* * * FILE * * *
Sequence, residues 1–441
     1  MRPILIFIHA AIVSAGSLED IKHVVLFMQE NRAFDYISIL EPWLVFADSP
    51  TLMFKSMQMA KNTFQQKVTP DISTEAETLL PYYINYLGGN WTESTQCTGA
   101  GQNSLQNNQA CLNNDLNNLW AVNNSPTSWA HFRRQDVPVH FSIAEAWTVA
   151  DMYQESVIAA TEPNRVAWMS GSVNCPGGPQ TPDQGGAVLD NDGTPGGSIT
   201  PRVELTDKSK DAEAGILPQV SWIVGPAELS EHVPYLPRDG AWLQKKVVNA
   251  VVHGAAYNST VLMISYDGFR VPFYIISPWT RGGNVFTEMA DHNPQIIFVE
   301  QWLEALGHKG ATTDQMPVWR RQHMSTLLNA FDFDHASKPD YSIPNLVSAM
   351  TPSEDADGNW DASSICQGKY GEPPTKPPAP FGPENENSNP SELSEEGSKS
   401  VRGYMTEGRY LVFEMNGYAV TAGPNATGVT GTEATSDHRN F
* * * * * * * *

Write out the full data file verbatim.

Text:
Sequence, residues 1–441
     1  MRPILIFIHA AIVSAGSLED IKHVVLFMQE NRAFDYISIL EPWLVFADSP
    51  TLMFKSMQMA KNTFQQKVTP DISTEAETLL PYYINYLGGN WTESTQCTGA
   101  GQNSLQNNQA CLNNDLNNLW AVNNSPTSWA HFRRQDVPVH FSIAEAWTVA
   151  DMYQESVIAA TEPNRVAWMS GSVNCPGGPQ TPDQGGAVLD NDGTPGGSIT
   201  PRVELTDKSK DAEAGILPQV SWIVGPAELS EHVPYLPRDG AWLQKKVVNA
   251  VVHGAAYNST VLMISYDGFR VPFYIISPWT RGGNVFTEMA DHNPQIIFVE
   301  QWLEALGHKG ATTDQMPVWR RQHMSTLLNA FDFDHASKPD YSIPNLVSAM
   351  TPSEDADGNW DASSICQGKY GEPPTKPPAP FGPENENSNP SELSEEGSKS
   401  VRGYMTEGRY LVFEMNGYAV TAGPNATGVT GTEATSDHRN F